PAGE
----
Flights to Trondheim
At one time Trondheim was the capital of Norway and now it is the third largest city in the country. Situated in the centre of Norway, Trondheim is a popular destination and features a variety of interesting attractions.
Many international airlines offer flights to Trondheim Airport, Vaernes (airport code: TRD) but only one has a 1-stop route from South Africa. KLM stops once in Amsterdam, but all others have 2 connections. Lufthansa has a flight to Trondheim through Munich and Oslo, or Egyptair transfers in Cairo and Amsterdam. Kenya Airways also has flights to Trondheim, with stops in Nairobi and Amsterdam. Trondheim Airport is about 19 kilometres outside of the city and there is a direct rail line to the station in town.
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The Tourist Attractions of Trondheim:
As the oldest of Norway’s major cities, Trondheim has much in the way of history to offer. It was first founded in the year 997 as a trading post, and during the Viking Age it served as the capital of Norway. There are some historic buildings left standing in Trondheim though the city has suffered numerous great fires so unfortunately there’s not as much here as there could be. The main landmarks and attractions include the following:
A couple of Trondheim’s most recognisable landmarks were constructed after one of those great fires in 1681. Kristiansten Fortress was built to defend the city and was constructed between 1681 and 1685. It stood up to a Swedish invasion in 1718 and was used up until 1816. Today you can enjoy some nice views from the fortress as it stands on top of a hill in Trondheim.
Old Town Bridge
Old Town Bridge is another of those landmarks built after the 1681 fire. In Norwegian it is Gamle Bybro, and the bridge crosses the Nidelva River, and like the fortress it was completed in 1685. The Old Town Bridge was also part of Trondheim’s fortifications and it had a guardhouse and toll payable at either side of it. Originally built of wood, the bridge has had several reconstructions over its lifetime.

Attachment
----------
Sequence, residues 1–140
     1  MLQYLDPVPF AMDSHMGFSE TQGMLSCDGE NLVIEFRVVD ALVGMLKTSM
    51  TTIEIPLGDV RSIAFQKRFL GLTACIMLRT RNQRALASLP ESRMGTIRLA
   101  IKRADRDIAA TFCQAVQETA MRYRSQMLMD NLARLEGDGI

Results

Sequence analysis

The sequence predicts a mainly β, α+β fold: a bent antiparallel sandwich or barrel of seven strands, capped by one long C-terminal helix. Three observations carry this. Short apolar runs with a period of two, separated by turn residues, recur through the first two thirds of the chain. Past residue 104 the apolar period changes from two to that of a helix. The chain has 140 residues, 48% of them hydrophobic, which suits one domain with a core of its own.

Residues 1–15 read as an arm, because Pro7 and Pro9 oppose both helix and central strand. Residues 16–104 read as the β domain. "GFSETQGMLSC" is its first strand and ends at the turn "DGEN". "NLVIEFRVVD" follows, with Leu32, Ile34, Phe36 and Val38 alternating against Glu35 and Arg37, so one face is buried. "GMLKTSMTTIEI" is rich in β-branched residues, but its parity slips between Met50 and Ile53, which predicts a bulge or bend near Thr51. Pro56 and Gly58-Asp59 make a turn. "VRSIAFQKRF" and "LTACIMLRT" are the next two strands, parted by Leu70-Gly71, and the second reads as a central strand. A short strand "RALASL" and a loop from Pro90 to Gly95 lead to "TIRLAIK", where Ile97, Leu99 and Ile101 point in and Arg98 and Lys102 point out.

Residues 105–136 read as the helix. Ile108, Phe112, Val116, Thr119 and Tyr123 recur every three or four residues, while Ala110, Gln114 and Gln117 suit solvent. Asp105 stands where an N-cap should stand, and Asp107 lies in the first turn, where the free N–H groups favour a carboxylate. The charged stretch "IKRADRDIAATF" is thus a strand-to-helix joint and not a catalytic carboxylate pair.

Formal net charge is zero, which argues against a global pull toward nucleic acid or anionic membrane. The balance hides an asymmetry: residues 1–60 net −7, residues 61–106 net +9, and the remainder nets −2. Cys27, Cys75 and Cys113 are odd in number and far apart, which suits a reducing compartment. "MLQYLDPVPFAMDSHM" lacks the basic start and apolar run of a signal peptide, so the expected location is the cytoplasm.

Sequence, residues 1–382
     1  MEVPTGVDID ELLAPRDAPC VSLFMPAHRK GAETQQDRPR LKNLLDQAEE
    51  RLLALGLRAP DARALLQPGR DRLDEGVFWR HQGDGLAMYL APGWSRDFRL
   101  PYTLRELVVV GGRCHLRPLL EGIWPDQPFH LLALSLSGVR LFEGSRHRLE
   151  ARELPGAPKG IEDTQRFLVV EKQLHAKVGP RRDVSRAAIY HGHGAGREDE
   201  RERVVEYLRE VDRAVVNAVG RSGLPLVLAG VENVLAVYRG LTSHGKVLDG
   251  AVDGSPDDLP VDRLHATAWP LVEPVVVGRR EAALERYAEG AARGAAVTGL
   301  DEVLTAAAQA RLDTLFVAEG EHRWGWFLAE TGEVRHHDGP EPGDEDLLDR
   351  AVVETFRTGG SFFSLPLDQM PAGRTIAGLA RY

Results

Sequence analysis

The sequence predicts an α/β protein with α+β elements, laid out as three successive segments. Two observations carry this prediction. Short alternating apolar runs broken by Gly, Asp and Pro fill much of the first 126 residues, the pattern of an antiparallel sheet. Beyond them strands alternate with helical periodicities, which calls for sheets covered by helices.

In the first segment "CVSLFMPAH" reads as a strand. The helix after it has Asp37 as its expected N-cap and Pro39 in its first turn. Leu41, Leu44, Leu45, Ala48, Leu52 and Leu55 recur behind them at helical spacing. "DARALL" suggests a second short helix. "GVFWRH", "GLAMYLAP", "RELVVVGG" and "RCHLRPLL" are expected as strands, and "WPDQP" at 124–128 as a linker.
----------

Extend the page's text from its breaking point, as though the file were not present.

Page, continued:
The Old Town Bridge is a popular vantage point from which to see some of the older harbour and riverside buildings that are built in wood and of a traditional Norwegian construction.
Nidaros Cathedral is the most striking landmark in Trondheim and like the rest of the city it has had a troubled history. Originally the church was started in 1070 and finished around 1300. Fires badly damaged it 1327 and 1531, and then it was nearly razed to the ground by another fire in 1708. The cathedral you see here today dates from a major rebuilding project that was begun in 1869 and not finished until 2001.
Museums in Trondheim
To complement the historical architecture in Trondheim there are quite a number of museums in the city. The main ones are the Trondheim Museum of Arts, the National Museum of Decorative Arts, the Museum of Natural History and Archaeology, and Trondheim Science Museum, though several other smaller ones also exist here.
When Should You Visit?:
For sightseeing summers are definitely the best time to visit Trondheim as temperatures can be warm and it’s relatively sunny. July is warmest at an average high of around 19C though this is one of the year’s wettest months also so bring raincoats or umbrellas with you. Temperatures drop off and so do sunshine hours into the winter, and snow is common.